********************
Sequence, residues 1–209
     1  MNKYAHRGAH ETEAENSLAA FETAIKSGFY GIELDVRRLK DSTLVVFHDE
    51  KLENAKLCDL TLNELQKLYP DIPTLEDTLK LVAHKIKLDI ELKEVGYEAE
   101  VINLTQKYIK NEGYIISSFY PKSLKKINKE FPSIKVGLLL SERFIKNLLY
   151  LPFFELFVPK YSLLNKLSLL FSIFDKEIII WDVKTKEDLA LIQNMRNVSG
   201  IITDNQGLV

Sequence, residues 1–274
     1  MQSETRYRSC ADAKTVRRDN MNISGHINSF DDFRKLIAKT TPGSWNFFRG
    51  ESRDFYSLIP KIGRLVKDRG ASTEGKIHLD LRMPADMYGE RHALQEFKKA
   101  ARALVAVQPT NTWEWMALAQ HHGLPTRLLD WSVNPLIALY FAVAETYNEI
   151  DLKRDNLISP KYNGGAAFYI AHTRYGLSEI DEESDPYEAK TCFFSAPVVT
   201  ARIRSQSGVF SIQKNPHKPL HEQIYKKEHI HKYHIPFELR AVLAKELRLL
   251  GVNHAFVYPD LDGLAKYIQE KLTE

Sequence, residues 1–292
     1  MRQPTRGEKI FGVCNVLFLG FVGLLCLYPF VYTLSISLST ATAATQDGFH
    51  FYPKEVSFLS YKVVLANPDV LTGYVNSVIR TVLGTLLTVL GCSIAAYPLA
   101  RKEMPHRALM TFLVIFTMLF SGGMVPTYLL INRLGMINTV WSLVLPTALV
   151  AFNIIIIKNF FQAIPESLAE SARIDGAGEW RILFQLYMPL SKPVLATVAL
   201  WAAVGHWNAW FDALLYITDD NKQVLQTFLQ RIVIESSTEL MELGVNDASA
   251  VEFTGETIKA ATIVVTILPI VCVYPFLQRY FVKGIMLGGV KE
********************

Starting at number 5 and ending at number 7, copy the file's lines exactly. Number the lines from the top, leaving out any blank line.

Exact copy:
   151  LPFFELFVPK YSLLNKLSLL FSIFDKEIII WDVKTKEDLA LIQNMRNVSG
   201  IITDNQGLV

Sequence, residues 1–274